model. Because PNG minimizes demand variability, it reduces the number of exceptions reported. The recent rollout of the PNG levels reduced the total number of DFU exceptions by 60 per7
cent (30 percent reduction in demand too low exceptions and 59 percent reduction in demand too
high exceptions). The implementation of PNG levels will also reduce the number of procurement
requests that are cancelled, ultimately increasing buyer productivity.
Implementing PNG levels may result in an initial surge in procurement requests (and buyer
workload), but these will subside, and DLA can reap the benefits of several billion dollars in savings from better spares investments.
ALTERNATE LEVEL-SETTING METHODS
For Class IX consumable items managed by DLA, infrequent demand and/or high variability
present significant challenges. So why forecast? LMI proposes risk-management level-setting
strategies based on optimization for items with these demand characteristics. Using LMI’s riskmanagement strategies, inventory metrics will move in the right direction.
The key components of modern inventory control systems include forecasting models (to compute lead-time demand), safety level calculations (to protect against variance in demand), and
economic order quantity—or coverage duration—calculations (to minimize investment). The ordering policies for stocked items typically rely on two levels: first, a reorder point (ROP), and
second, a requisitioning objective (RO). For items with frequent demand, the ROP is a function
of lead-item demand and safety level. For items with infrequent demand, the ROP is solely a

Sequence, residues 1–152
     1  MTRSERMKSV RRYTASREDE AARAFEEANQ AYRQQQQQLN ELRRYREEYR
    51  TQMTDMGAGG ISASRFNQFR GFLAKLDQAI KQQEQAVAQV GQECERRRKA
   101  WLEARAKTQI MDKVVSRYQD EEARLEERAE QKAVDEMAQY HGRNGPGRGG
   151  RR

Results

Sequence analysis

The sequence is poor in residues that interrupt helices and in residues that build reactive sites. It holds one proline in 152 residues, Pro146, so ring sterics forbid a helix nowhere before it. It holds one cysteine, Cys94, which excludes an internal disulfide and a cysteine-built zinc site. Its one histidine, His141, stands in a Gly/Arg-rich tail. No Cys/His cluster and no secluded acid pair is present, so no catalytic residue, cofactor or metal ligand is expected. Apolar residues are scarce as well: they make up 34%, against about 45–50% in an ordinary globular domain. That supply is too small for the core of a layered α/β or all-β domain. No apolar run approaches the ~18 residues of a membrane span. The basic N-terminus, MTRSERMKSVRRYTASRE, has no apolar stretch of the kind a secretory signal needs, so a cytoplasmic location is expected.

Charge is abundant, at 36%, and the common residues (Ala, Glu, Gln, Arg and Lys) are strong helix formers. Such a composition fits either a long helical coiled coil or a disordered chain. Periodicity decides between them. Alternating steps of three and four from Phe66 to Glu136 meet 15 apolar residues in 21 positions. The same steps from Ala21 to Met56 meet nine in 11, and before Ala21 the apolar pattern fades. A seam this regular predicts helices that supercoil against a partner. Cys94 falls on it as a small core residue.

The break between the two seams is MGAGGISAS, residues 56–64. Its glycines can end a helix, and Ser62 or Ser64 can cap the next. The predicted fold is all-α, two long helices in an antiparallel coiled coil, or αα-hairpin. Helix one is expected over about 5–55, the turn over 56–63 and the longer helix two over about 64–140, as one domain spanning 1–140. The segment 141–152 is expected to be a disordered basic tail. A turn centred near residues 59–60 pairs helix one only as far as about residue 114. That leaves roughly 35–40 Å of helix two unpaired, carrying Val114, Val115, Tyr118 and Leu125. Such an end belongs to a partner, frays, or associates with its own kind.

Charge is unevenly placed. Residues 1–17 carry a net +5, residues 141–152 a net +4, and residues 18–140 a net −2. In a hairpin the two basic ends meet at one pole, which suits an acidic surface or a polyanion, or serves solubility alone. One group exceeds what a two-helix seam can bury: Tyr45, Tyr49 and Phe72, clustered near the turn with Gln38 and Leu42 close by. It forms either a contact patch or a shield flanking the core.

function of lead-time demand. (The RO = ROP + the economic order quantity.)
Typically, lead-time demand is modeled using a theoretical probability distribution with the
forecast as the mean and a forecast error-based variance. LMI research has shown that theoretical
probability distributions, such as Laplace, do not work well on DLA demands because the underlying assumptions are rarely met in practice. Statistical tests show that theoretical distributions
do not fit the empirical data well.
Once a lead-time demand distribution has been chosen, it is necessary to estimate its parameters—typically mean and variance. However, studies of forecasting error, whether using sophisticated commercial forecasting packages or simple methods, such as moving averages and
exponential smoothing, show errors of as much as 100–200 percent for many items. Variance
estimates computed from squared deviations from the mean (which often has the large errors referred to above), must therefore also have large errors. Each step in the current stock level computation introduces distortions into the model, and their cumulative effect on buy decisions is
significant. Because of nonlinear interactions, a forecast error can quickly propagate through the
system and lead to either backorders or excess inventory.
LMI developed NextGen to address these forecasting challenges for items with frequent demand
but high variability. With NextGen, buy decisions are based on empirical distributions of demand sizes and interarrival times rather than a theoretical probability distribution. The empirical
distributions are inputs to an optimization problem that includes minimization of expected
backorders. NextGen avoids theoretical probabilities, which are the cornerstone of most of the
other commercially available tools. This fundamental difference in how NextGen treats uncertainty in the demand process is the key to why it is able to outperform existing models.
Figure 3. NextGen Removes Assumptions
Unlike traditional level-setting methods, NextGen does not use forecast, safety stock, or coverage duration to set an ROP and RO. Rather, NextGen computes a minimum and maximum level.
When the inve …